- Cutty Sark – The museum is literally built around the ship, for the full affect be sure to visit the café area which allows you to see the underside of the ship.
- Royal Observatory Greenwich – Stand on the Prime Meridian Line and see the world’s most accurate clock.
- Chislehurst Caves – Our tour guide was fantastic! (Sergio here! The guy should have his own show on a science or travel channel!)
- Royal Albert Hall – We were fortunate enough to see Cirque du Soleil rehearse Amaluna during our behind the scene tour!
- National Portrait Gallery- Picasso Exhibit – Museum is free, the pass grants access to the paid exhibit. We were fortunate enough to see a Picasso exhibit.
- Jewel Tower
- Thames River Boat Cruise – We got hop-on hop-off tickets valid for a full 24-hours.
- Namco Funscape – A few pounds in coins that we used to play air hockey. Great fun! (Sergio here! I desimated her! / Shannon here! Yes...yes he did.)
- Science Museum IMAX
- Curzon Movie Theater, Bloomsbury - Watched Star Wars Rogue One in what felt like a personal screening room since the theater only had 28 seats.
- Royal Air Force Museum, Flight Simulator – The museum is full of replicas of planes and is free to view. Sadly, the Flight Simulator experience that the London Pass gets you access to is a bit outdated.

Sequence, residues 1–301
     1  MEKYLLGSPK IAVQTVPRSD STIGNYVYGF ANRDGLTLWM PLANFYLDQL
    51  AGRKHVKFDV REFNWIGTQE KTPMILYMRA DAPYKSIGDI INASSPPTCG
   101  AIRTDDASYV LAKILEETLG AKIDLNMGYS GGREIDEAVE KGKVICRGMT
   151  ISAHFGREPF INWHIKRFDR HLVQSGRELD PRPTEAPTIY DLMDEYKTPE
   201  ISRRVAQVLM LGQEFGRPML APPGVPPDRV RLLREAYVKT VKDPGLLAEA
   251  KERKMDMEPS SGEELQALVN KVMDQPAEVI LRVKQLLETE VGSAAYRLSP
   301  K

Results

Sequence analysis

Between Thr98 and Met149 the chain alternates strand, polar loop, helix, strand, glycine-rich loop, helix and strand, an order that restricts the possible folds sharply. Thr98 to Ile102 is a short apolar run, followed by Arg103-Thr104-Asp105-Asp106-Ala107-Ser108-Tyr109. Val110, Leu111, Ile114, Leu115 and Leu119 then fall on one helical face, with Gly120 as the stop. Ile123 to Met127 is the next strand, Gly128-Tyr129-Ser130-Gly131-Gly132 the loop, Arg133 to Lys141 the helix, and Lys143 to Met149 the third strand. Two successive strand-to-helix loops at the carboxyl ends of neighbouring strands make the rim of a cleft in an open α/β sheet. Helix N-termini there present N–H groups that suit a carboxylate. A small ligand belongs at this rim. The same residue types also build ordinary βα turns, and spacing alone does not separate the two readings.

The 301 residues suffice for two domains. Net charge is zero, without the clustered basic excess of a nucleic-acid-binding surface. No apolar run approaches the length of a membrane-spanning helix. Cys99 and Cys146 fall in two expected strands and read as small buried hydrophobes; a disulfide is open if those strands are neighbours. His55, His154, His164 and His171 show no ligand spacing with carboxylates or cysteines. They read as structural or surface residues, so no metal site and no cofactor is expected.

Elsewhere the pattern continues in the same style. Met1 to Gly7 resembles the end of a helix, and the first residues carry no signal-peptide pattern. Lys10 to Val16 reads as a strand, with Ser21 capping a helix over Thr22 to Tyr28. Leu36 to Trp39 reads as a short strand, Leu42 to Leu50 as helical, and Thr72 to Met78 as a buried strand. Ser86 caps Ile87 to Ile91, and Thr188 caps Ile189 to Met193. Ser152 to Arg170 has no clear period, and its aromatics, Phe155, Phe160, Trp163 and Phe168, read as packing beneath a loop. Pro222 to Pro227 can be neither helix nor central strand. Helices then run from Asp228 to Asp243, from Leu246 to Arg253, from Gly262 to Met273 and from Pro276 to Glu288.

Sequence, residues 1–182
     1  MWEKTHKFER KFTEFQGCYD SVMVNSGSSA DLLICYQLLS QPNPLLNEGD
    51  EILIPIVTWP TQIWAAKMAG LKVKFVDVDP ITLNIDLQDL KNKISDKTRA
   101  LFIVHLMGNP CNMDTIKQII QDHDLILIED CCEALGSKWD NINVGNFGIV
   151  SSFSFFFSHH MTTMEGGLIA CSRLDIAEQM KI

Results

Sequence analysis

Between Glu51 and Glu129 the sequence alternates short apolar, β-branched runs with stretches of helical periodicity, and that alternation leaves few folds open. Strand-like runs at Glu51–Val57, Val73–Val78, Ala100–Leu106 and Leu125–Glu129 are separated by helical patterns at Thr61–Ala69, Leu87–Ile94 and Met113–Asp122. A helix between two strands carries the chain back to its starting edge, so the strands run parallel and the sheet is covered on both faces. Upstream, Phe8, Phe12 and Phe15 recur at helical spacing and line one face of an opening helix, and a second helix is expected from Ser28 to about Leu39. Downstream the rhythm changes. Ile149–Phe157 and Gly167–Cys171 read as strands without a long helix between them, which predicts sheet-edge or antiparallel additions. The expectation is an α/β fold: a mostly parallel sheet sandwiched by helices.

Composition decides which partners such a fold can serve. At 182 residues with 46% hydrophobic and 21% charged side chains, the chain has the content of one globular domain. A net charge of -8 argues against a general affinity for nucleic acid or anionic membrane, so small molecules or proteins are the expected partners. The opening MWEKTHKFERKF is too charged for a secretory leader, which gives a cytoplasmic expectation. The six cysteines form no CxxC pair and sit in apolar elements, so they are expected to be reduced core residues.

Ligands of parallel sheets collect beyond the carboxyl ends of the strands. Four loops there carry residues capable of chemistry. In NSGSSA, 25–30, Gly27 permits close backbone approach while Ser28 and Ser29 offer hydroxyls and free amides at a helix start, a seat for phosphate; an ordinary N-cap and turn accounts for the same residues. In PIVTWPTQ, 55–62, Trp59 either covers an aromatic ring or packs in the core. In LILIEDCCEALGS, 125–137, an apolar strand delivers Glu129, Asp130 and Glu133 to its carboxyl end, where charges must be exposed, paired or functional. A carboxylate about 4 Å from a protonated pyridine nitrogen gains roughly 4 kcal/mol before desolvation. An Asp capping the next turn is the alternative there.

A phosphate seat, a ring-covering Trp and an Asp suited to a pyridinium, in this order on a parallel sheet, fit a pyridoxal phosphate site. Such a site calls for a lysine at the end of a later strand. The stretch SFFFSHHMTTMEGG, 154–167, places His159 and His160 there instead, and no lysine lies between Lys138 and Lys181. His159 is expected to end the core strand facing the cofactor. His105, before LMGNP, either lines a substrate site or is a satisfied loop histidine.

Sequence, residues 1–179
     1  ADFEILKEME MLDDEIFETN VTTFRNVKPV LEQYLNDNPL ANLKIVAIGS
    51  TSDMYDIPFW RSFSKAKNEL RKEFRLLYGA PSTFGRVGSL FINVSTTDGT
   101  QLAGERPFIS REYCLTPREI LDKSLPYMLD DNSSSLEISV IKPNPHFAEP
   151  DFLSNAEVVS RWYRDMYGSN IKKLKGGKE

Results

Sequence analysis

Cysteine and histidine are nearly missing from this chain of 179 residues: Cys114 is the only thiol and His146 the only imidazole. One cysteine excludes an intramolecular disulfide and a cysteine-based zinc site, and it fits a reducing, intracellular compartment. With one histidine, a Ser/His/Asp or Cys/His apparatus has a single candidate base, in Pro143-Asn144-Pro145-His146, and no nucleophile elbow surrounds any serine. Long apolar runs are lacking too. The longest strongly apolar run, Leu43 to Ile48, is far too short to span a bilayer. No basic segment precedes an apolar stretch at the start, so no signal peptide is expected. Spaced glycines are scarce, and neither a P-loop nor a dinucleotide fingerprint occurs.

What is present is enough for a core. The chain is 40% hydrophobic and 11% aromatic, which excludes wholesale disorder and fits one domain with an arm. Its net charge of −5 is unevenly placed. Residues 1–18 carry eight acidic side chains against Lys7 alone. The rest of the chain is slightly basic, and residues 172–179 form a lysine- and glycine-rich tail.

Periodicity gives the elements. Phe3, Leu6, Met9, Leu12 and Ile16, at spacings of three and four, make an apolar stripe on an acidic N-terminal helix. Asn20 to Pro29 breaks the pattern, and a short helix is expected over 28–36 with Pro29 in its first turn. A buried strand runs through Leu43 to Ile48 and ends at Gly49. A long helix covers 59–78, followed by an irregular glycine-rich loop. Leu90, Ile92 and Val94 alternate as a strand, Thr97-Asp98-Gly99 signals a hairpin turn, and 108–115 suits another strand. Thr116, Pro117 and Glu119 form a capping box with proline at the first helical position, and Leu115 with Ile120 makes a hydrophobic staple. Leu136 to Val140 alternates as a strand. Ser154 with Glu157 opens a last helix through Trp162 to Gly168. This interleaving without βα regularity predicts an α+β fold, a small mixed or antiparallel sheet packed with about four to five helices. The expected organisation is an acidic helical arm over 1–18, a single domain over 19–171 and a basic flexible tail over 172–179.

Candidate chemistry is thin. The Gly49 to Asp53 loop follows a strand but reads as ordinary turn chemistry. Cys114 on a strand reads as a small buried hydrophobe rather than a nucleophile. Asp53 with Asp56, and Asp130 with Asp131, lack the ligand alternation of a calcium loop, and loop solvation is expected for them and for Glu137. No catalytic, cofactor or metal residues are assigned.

- BAPS Shri Swaminarayan Mandir, Exhibition
- Wembley Stadium Tour - Our tour guide was great! We learned so much about the stadium.
- Curzon Movie Theater, Chelsea - Silence, Martin Scorsese’s latest film about Jesuit priests in Japan.
- Wimbledon Tour Experience
- Curzon Movie Theater, Mayfair- Manchester By The Sea, will Casey Affleck win an Academy Award for his performance?
- Hop On Hop Off Bus Tour
- British Museum – Access to the paid exhibit.
- Windsor Castle
As you can see, we used the cards all across London! Since the pass is a flat fee and you get into the attractions for free, once you recuperate the cost of the card, everything else is savings. So, two cards cost us $312, and in the first two days alone we went to twelve attractions that would have cost $363 without the card. So, in the two days or sightseeing we got the full value of the card, plus some. Day three through ten were just cherries on top for huge savings! We usually save double or triple the value of a card and as you can see, the London Pass is no different. We spent only $312 on two cards but saw attractions that would have cost $1,294. That’s a savings of $982!
Would We Recommend the London Pass?
Without a doubt, we highly recommend the London Pass. It has the potential to save hundreds of dollars. But our recommendation comes with a caveat. The pass is only worth it if you’re going to see more attractions than what the card will cost. In our case, the reason the card is so great, is because it really suits our sightseeing style. We’ve included general tips on using city cards in the next section that will help you evaluate if a card is the right choice for your style of sightseeing adventures.